Recently, some customers have asked us to confirm if an email is legitimate. The email typically claims it is from The Messaging Company, is related to The Messaging Company, or is from their current email provider. Unfortunately, as suspected, some of these emails are spam.

This blog post will share examples of these spam emails, give tips on how to identify spam, explain how to report spam, and remind you of how you can contact our friendly support team.

Examples of recent spam emails

Here are some of the examples reported to us where spammers are impersonating us and/or other email providers.

How-to videos for webmail by The Messaging Company - an email service powered by Atmail.
How-to videos for webmail by The Messaging Company - an email service powered by Atmail.

7 tips to identify spam emails

Here are some of the things to look for to identify spam emails:

1. Suspicious domain name

If the message is sent from a suspicious domain name (e.g. microsoft.new.com) or a public email domain (e.g. @gmail.com), it might be a spammer impersonating a reputable brand. (Even Google doesn’t send from @gmail.com.)

2. Spelling and grammar mistakes

Spelling mistakes (especially in the domain or brand name) and grammar mistakes are more clues that the email might be spam.

3. Sense of urgency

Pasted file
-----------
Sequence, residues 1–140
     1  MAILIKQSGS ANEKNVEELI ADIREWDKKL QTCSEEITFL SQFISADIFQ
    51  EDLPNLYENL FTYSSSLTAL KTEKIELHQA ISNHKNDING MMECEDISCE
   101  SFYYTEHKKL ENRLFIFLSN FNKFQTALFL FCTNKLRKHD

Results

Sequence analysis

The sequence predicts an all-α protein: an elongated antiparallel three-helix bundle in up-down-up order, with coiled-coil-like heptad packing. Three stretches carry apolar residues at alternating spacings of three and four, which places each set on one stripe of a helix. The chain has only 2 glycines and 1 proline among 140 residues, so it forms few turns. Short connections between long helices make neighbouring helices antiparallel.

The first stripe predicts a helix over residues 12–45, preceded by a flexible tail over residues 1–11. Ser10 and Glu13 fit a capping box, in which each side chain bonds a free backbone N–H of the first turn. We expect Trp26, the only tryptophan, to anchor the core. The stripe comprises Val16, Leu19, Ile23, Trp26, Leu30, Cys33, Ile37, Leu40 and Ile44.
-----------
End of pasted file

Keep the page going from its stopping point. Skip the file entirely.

If the sender wants you to take action immediately, stop. This is how spammers trick people into ‘clicking before thinking’.

4. Requests for personal or confidential information

Reputable brands (especially banks and email providers) will not ask you to provide personal or confidential information via email.

5. Unusual links

Spammers typically use emails to try to obtain sensitive information through what is known as phishing. To protect yourself, do not click on links in emails you do not trust. (Tip: Hover your mouse over the link to see the actual web address the link leads to.)

6. Generic greetings

“Dear Valued Customer” or “Hi”, without using your name or anything that identifies you personally, can also be a sign that the spammer does not know who you are.

7. Miraculous promises

If you don’t know any princes, and it’s not normal for you to make millions of dollars in one transaction, it’s likely that your email from a prince who can help you make that much money is spam.

How to report spam emails to The Messaging Company

The spam detection software used at The Messaging Company is highly sophisticated and has numerous ways to determine what should be classified as spam. To further inform what is classified as spam, we invite you to report spam emails via these steps.

Need support?

Contact us.

Thank you

Thank you for trusting us to keep your messages and memories safe.